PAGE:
As Burma’s people go to the polls this month in an election which is unlikely to change decades of military rule, Becky Palmstrom looks at how the urban poor survive in a country without working banks.
Yangon, Burma: A small boy with enormous eyes pushes a beat-up bike through the unpaved streets of Hlaing Tharyar, a township outside of Rangoon, Burma. In his hand, he clasps the equivalent of just over $1.70 in grubby local kyat notes. His name is Chit Thaw and he just turned eleven. This morning he is headed to the local pawnshop.
For Chit Thaw, borrowing money is a daily chore. His first loan takes place before breakfast, when he borrows 5000 kyat (around $5) from a neighbour. It must be paid back with ten per cent interest by the end of the day – which works out to a staggering annual percentage rate of 3650. Without a regulated system for borrowing money, the vast majority of Burmese people have no access to formal credit at all. Informal moneylenders and pawnshops are at the heart of half the population’s lives.
The money in Chit Thaw’s sweaty hand this morning is from the $5 loan of earlier that day. Every morning he takes the borrowed money and rides his family’s bike, standing upright to reach the pedals, across a bridge to a nearby market to buy fish paste. Fish paste, one of the staples of Burmese cooking, is a fermented, pungent mush that accompanies everything from breakfast noodles to soup.
It takes Chit Thaw over two hours to fetch the fish paste. In the cool time before sunrise he rides, past wood and tin shacks glowing with candlelight or the quiet of households still asleep. On the journey back, he passes empty fields covered with hand-washed plastic bags flapping in the wind, like injured birds stranded in the sun. In Hlaing Tharyar, plastic bags, just like everything else, have a price and these will be sold to brokers for recycling.
Chit Thaw takes the fish paste to his mother, who sits all day at her spot on the dusty ground of the market near their home. By the end of the day, they hope to have made back the 5000 kyat plus interest. Even if they temporarily escape from the daily grind of debt, all it takes is one visit to the doctor, a particularly strong storm damaging their flimsy roof, a funeral or a wedding and they are once more pushed into the hands of the loan sharks and pawnshops.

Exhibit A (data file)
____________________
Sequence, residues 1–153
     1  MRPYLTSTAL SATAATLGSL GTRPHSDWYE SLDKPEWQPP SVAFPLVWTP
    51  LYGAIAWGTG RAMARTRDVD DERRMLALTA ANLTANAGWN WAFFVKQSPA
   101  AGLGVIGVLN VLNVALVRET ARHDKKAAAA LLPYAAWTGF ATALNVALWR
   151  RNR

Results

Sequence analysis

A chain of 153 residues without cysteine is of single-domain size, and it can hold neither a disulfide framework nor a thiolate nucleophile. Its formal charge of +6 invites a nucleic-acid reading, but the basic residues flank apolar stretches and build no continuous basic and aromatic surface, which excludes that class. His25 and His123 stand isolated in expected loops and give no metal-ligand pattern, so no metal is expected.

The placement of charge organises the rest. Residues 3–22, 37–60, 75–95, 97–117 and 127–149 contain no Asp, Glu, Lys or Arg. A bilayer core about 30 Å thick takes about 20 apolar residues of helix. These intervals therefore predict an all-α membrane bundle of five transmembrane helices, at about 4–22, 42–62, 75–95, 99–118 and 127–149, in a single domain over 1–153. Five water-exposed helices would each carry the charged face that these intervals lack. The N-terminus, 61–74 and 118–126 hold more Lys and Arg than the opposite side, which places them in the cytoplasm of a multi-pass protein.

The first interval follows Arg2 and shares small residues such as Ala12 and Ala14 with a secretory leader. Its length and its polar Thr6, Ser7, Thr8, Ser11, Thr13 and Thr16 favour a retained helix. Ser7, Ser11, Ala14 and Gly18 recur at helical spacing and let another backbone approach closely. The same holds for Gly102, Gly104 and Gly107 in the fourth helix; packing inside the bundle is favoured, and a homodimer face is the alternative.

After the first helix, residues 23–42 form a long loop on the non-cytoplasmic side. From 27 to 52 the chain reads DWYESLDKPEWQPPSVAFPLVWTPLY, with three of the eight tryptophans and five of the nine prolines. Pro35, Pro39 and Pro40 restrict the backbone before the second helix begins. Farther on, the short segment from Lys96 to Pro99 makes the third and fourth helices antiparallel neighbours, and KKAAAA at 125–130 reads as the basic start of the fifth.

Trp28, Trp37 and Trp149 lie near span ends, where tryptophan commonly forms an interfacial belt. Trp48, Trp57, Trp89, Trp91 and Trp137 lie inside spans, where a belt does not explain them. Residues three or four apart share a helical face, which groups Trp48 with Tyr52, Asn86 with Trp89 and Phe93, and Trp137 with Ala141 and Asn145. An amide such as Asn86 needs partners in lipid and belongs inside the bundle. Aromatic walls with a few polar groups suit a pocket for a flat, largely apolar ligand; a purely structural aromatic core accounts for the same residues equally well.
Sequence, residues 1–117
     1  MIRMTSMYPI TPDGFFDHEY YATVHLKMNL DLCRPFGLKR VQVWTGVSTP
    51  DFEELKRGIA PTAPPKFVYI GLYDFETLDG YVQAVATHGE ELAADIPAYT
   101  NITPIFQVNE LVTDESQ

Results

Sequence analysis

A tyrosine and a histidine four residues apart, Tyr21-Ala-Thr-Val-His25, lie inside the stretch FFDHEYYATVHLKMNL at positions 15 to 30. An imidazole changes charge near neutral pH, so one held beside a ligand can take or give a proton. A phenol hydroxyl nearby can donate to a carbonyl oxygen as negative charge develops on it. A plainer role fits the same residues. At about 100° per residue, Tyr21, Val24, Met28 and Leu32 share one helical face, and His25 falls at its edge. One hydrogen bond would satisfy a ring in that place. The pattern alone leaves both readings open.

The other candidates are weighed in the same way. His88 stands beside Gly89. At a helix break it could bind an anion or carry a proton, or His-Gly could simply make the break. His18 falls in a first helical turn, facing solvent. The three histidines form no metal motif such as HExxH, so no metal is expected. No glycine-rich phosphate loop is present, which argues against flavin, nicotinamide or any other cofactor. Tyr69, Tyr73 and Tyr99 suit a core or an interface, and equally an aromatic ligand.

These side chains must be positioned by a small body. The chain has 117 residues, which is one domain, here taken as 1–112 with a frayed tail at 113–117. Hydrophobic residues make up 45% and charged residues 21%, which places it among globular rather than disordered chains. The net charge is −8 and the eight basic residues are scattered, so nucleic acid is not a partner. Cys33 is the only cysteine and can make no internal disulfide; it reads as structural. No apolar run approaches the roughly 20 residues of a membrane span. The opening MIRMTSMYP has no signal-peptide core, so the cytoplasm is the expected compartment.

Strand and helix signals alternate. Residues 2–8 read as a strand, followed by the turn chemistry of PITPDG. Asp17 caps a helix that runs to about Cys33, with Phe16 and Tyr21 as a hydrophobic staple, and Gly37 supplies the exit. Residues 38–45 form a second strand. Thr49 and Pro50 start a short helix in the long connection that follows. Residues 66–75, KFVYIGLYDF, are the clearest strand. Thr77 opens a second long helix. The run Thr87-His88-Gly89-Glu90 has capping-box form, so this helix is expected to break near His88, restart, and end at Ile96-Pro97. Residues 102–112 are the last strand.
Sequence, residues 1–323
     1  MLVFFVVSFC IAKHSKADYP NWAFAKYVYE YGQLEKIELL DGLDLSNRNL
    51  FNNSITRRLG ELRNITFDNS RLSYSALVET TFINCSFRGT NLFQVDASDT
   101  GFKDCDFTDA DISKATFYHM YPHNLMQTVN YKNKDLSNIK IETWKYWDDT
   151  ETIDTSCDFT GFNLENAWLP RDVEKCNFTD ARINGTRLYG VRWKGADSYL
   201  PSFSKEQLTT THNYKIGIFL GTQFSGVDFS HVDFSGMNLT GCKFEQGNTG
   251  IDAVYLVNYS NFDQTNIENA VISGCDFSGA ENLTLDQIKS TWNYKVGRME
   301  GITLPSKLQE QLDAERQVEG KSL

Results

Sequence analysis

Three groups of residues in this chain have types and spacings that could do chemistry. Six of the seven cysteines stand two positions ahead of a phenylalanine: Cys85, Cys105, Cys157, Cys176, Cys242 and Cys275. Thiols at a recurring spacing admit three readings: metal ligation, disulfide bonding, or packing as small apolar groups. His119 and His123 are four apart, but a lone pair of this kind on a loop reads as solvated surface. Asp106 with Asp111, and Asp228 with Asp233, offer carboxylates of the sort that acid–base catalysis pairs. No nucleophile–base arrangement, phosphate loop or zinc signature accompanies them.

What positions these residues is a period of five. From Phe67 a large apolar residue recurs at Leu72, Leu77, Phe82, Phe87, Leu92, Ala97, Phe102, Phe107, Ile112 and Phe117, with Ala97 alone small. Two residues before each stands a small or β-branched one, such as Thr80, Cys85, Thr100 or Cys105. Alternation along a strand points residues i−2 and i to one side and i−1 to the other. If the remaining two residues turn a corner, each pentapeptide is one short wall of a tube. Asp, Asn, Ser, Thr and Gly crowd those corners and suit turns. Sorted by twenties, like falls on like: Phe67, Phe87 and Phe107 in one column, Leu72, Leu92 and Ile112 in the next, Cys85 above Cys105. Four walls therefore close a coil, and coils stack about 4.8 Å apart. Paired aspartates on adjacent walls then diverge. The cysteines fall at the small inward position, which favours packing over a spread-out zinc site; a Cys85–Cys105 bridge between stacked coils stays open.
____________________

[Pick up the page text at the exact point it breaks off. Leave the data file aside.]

‘Every day we borrow, unless we have a good sale of fish paste on a Sunday,’ Chit Thaw explains. ‘We make the money a day at a time. Sometimes, we don’t have enough for rice, but we pay back the money.’ On those days when there is no money for food, Chit Thaw, his mother and his two sisters drink a glass of water to fill their bellies before they go to bed.
Chit Thaw pushes his bike hard to keep the stubborn wheels moving, eventually reaching a smart green building. It is cleaner and sturdier than any of the other buildings on the block. It was, after all, the pawnshop. Back from the wholesale market, it is into this building that Chit Thaw is headed.
Unlike downtown Rangoon, the British didn’t build their grand four-story terraces and colonial buildings in Hlaing Tharyar. It is a sprawling mass of tin, tarpaulin and wood, linked to the garment, battery and soap factories of Rangoon by ferries that pick their way across the grey river to collect the young women workers every morning and night. Open sewage, erratic electricity and dirty water mark the routines of daily life. What it lacks in crumbling charm it makes up for in the industriousness of its inhabitants.
The cottage industries here flourish despite, rather than thanks to the country’s military junta, which took power in 1962 and which with stage-managed elections this month will likely continue to rule the roost. The junta has mismanaged the economy for decades. It failed to put adequate controls on the banking system, which meant, that in 2002-2003, almost every bank was implicated in international money laundering. The result was almost every bank was closed.
Financial institutions fundamentally rely on trust in the government, something that few people have in a country where the government once made an overnight decision to devalue certain bank notes because of an astrologer’s predictions that those denominations were unlucky.
The other reason for the lack of functioning banks is government restrictions on interest rates, says Sean Turnell of Burma Economic Watch, which monitors the economic situation in Burma from Sidney, Australia. Although a few private banks opened this September, they are owned by businessmen with strong ties to the military elite and Turnell sees them more as ‘cash-boxes’ for these businesses rather than working banks. The government sets the interest rates at 12 and 17 per cent per annum, for deposits and loans respectively. ‘These rates are below the inflation rate – making both depositing and lending a losing proposition in real terms, and thus robbing the financial sector of any real financial intermediation role,’ says Turnell.These fixed interest rates minimize the interest the government has to pay against its own debts, he adds.